The format of the book also played a part in my dislike. It’s really just a collection of cases that the author has worked on throughout his career, but there is one particular death row case that Stevenson stretches through the entire book while to try to tie it all together, to keep a flow going, and also to provide suspense. This main case is interrupted by tellings of other cases and experiences. I found that format confusing and sometimes abrupt. It was harder for me to keep track of a timeline and order of each case when they were all mixed around main story which was only important to me because the author also describes history, changes, and developments in our justice system that either affected one of his cases or that one of his cases catalyzed. It would have been easier for me to keep track of the causes and effects with a more linear time format. It was hard for me to keep the names and details of each case straight.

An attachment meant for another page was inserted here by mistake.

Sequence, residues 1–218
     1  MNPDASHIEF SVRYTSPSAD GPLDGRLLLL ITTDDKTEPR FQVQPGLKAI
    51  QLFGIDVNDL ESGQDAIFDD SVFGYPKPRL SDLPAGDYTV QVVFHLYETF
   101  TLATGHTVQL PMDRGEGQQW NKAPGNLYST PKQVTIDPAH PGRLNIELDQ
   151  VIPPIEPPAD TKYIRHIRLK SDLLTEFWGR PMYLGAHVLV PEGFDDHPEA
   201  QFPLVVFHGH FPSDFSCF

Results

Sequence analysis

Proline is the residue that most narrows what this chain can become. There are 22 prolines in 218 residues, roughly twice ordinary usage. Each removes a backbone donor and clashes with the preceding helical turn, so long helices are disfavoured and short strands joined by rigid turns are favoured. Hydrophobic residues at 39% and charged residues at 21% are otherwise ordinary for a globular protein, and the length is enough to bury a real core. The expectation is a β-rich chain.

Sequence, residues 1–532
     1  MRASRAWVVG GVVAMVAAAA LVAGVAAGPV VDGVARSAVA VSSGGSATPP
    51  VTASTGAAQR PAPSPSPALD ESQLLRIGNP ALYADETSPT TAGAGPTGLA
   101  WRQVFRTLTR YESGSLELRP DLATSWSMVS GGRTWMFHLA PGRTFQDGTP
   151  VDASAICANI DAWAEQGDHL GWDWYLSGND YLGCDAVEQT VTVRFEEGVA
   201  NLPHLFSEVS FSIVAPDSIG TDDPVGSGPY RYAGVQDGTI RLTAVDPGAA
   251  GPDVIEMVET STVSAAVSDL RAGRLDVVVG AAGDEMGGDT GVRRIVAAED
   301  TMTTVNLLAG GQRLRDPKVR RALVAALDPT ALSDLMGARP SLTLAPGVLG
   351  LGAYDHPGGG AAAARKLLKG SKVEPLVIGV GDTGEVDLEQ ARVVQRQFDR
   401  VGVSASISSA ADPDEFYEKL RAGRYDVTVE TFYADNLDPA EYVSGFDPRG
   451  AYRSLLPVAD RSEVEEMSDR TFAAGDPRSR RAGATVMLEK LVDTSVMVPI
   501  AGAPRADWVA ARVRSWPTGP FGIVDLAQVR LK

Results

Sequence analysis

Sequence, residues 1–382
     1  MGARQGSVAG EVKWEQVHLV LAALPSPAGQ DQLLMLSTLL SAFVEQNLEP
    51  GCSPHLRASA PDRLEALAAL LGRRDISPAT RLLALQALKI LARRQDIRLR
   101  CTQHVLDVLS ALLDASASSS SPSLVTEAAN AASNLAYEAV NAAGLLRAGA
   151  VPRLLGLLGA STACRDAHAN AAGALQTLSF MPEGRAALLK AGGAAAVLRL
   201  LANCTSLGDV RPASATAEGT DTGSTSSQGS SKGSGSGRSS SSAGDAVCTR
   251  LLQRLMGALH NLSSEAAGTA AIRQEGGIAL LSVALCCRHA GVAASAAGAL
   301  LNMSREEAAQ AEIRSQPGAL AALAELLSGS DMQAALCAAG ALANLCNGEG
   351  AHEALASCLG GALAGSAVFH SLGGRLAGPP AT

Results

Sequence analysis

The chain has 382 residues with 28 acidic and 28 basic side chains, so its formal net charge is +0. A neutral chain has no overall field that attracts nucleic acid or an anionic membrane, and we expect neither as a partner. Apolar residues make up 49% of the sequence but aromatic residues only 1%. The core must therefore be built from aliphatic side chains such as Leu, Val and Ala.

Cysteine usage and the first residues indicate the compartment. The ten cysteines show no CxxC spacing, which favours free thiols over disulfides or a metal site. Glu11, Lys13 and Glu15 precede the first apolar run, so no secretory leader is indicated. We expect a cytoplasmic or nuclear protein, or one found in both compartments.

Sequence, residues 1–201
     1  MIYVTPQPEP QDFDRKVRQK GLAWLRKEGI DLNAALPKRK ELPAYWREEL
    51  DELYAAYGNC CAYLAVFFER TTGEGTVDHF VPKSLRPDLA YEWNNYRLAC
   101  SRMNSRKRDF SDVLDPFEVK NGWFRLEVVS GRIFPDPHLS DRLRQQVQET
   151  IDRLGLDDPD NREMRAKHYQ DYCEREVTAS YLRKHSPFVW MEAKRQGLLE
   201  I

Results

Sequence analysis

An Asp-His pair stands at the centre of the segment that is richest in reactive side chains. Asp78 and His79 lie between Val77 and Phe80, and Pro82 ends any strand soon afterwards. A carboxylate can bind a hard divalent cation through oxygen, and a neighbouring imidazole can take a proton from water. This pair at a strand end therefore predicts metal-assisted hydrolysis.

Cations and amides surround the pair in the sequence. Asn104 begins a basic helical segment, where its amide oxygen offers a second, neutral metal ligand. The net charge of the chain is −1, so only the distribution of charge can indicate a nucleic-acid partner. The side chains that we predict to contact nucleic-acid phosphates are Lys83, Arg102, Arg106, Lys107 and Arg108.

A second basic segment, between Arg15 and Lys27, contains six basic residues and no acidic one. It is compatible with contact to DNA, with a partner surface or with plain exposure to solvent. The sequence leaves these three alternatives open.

I was also turned off by some of the writing. I got tired of the detailed descriptions of every courthouse and prison that the author visited. They didn’t really add to the impact of the case he was describing. The details of the crimes or innocence of his clients packed enough punch all on their own. Repeated description of how different buildings were positioned within a town or how the rooms were laid didn’t help me understand any of his points better.

The author had a tendency to “beat a dead horse” with some of his points as well. I felt bogged down reading so many statistics or examples that supported a conclusion Stevenson was drawing for me. After just a few of his given examples I was on board with him; I believed that is was right in what he was wanting to convince readers of. But then I would get several more examples to really pound it in. At one point I made note that the author had gone on for another 1 1/2 pages pounding the same point after I was already sufficiently convinced.